21 September 2017

Changi Airport


Well-heeled traveller or shoestring backpacker, there’s space for both
October 2006 7

CHEAP and cheerful or luxury unlimited, Changi Airport does both with equanimity.

Two new terminals opened at the airport this year, each dedicated to its own niche market.
In March, the city-state opened one of the world’s first low-cost terminals, appropriately called Budget Terminal, standing alongside Heathrow’s T5 and Marseille’s mp2.  “Low-cost carriers currently account for some 11 per cent of total flights from Changi,” says Goh Yong Long of the Civil Aviation Authority of Singapore (CAAS). “Low-cost areas carriers connect to 24 cities out of Singapore and we see that as a potential growth area, particularly into markets like China and India.” Built at a cost of S$45 million ($28.5 million), the 25,000sqm terminal comprises two adjacent single-storey buildings for departure and arrival and will initially be able to handle about 2.7 million passengers annually. And while there’s no bling anywhere in sight (nor carpets or travellators), some national capital airports would stack up unfavourably alongside. What it does offer is some of Singapore’s fabled shopping: but be warned, alongside the pre-packaged liquor sit mass-market and dime-store brands.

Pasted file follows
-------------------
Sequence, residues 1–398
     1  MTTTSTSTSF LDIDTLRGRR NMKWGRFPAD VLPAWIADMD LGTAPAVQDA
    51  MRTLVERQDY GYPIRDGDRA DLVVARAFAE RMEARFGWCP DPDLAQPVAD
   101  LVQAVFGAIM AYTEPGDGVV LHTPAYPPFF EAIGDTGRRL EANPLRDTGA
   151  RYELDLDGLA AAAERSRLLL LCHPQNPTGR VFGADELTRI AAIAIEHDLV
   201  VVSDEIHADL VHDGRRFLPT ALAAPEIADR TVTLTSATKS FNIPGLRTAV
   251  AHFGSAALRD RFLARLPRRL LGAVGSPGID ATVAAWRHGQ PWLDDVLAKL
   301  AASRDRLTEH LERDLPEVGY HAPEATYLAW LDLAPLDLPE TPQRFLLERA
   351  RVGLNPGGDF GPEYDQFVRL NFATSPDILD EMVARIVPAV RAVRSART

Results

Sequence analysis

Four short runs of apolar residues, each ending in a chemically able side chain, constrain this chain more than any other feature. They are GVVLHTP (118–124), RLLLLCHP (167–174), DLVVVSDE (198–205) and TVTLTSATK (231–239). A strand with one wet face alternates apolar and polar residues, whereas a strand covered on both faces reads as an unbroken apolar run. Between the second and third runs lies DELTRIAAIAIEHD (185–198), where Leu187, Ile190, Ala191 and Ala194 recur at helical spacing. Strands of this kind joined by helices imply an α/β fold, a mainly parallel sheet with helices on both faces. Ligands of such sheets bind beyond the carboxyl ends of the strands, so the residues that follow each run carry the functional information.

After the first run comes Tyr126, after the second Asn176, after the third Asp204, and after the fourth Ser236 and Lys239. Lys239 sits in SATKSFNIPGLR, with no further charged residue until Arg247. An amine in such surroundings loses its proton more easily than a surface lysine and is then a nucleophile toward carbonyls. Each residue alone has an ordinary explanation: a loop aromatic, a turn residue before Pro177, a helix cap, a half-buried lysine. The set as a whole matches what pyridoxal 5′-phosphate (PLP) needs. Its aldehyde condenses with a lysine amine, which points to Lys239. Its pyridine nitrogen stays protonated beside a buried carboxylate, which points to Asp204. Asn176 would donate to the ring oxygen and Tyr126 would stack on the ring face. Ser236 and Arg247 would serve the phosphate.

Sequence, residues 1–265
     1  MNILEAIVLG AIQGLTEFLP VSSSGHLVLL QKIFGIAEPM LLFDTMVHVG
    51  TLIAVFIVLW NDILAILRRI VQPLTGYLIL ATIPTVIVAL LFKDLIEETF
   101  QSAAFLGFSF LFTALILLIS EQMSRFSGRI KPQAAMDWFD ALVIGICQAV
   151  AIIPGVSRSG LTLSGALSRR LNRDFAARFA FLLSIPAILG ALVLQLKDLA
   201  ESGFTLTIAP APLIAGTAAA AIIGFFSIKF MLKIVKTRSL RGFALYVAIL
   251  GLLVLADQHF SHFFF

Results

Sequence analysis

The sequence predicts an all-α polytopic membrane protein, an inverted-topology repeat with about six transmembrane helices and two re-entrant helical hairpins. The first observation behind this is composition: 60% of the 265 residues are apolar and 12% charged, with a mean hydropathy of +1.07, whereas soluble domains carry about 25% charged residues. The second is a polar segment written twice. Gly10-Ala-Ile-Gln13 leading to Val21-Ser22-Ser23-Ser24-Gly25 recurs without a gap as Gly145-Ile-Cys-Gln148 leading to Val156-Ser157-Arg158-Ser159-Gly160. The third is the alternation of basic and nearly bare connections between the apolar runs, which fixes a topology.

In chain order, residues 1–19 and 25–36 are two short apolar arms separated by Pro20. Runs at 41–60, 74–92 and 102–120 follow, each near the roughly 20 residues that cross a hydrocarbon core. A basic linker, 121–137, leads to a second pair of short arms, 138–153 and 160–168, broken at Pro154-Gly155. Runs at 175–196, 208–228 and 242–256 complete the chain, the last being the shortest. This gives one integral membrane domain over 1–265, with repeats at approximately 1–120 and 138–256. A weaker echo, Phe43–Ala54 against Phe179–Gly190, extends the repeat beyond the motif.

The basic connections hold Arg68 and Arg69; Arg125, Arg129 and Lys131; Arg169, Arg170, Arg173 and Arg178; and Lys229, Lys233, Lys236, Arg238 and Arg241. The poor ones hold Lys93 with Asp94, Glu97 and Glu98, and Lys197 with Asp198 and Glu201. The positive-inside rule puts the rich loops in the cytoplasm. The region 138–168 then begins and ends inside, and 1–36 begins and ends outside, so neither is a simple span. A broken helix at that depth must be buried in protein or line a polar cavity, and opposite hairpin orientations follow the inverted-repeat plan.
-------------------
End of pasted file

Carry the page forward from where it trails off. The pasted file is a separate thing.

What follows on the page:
At the other end of the spectrum sits the new CIP (commercially important person) Terminal, Asia’s first luxury facility for passengers travelling on commercial or private aircraft, who can put down money for the VIP service a head of state automatically gets, says Goh. Facilities include beige fabric waiting sofas instead of plastic benches with internet access on coffee tables in front of you, four free nap rooms (24-hour notice required), three meeting rooms with teleconferencing facilities that can be hired out S$100 an hour, a basic spa, a mini gym, four sets of showers with chi-chi amenities, free refreshments, jetside limousine service and sit-down easy check-in, among other amenities.
The terminal is by JetQuay, a Singapore-based joint venture involving four companies and some 50 passengers daily are expected to pay annual membership fees of S$2000.
“With the opening of the CIP terminal, Changi's travelers now have a full range of services to choose from,” Raymond Lim, Singapore’s Minister for Transport said at the opening ceremony of the CIP terminal.




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